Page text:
A friend told me about a new safety manager in his company. In his very first involvement with field crews, he called out a supervisor for failing to file a report. The only message the supervisor got was that the new safety guy didn’t have his back and the message got around to other field units very quickly. Now it will take a lot of work to win back the trust of the people he is supposed to be helping.
I thought about that when a read an article called “3 Questions Executives Should Ask Front-Line Workers” and the point of the article applies just as much to safety professionals. tToo often, people in the safety department see their role as enforcing the rules and making sure company policies are being followed. But effective safety professionals understand there needs to be a feedback loop between the company safety program and the workers it is supposed to protect. So here are the three questions safety professionals need to ask when they go into the field:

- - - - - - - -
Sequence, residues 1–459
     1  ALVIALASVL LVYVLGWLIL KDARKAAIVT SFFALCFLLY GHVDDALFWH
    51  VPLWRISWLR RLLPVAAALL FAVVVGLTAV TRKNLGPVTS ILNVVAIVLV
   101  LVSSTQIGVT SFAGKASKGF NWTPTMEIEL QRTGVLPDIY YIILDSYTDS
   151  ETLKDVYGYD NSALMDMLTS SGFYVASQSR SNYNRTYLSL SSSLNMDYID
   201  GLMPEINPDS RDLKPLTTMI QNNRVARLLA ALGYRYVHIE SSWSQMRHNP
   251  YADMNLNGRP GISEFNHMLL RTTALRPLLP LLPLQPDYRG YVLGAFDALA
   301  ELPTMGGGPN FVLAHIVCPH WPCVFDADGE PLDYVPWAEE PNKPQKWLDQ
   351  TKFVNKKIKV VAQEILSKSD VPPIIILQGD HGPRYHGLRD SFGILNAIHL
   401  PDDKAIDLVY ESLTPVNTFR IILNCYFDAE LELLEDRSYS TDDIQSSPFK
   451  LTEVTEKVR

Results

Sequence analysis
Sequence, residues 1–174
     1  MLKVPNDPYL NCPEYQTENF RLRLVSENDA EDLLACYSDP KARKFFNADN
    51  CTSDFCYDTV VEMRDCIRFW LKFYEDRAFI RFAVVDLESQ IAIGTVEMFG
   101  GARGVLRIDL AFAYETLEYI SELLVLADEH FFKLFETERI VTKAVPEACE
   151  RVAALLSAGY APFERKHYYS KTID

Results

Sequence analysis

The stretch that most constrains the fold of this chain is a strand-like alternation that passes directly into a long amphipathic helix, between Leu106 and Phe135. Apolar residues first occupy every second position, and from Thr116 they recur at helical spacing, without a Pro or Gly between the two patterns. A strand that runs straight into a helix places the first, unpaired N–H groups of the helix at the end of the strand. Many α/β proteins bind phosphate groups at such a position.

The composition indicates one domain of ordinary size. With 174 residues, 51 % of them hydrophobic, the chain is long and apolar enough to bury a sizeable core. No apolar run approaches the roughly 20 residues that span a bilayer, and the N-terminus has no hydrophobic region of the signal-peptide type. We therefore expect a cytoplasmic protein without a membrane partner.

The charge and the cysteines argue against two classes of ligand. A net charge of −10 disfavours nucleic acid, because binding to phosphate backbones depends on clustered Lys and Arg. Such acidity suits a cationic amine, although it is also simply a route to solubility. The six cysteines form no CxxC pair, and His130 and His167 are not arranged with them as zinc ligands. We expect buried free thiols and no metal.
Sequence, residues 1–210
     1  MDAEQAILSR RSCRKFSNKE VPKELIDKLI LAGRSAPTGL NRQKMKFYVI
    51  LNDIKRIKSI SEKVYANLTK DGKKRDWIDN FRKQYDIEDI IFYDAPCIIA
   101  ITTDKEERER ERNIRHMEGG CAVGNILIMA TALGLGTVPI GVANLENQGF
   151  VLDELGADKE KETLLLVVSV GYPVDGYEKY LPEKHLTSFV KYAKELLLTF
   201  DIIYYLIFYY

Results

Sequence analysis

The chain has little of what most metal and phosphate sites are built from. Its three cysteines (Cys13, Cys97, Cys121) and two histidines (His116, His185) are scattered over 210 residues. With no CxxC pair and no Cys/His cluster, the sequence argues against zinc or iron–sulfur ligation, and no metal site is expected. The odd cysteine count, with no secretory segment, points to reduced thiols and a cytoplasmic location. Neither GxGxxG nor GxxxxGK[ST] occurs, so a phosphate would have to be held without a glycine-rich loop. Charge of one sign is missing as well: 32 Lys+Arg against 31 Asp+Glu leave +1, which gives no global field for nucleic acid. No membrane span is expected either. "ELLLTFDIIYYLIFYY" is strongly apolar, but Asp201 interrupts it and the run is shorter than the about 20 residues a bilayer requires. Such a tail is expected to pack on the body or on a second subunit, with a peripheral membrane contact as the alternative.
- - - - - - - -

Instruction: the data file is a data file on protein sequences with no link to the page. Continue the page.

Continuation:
“How can I help you?” – We assume this one is a given, but if you don’t ask the question, how will you get the answer?
“Why are we doing it this way?” – This question has a couple of uses. Sometimes procedures lock us in place and we have to ask whether they serve the purpose. Asking this question of the people who are doing the job can unlock new and better ways. In more cases than we like to imagine, crews have already modified procedures or found shortcuts that may be out of sync with safety procedures. The first response may be to take the crew to task, but sometimes asking why crews made the change helps open the discussions of why we need to follow the rules or whether we need to take another look at the rules.
“Are we meeting our safety mission?” – This may sound a little out of place in an onsite conversation, but isn’t this the point of safety programs? Companies spend a lot of time and attention developing their safety programs and the workers in the field are both the prime targets and beneficiaries of those programs. Don’t we need to ask whether they see it working?
If you ask these questions, you move your safety policies from being just a bunch of rules to being a conversation. Be aware that, if you ask the questions, you need to be ready to hear the answers, but that is all part of having a meaningful conversation.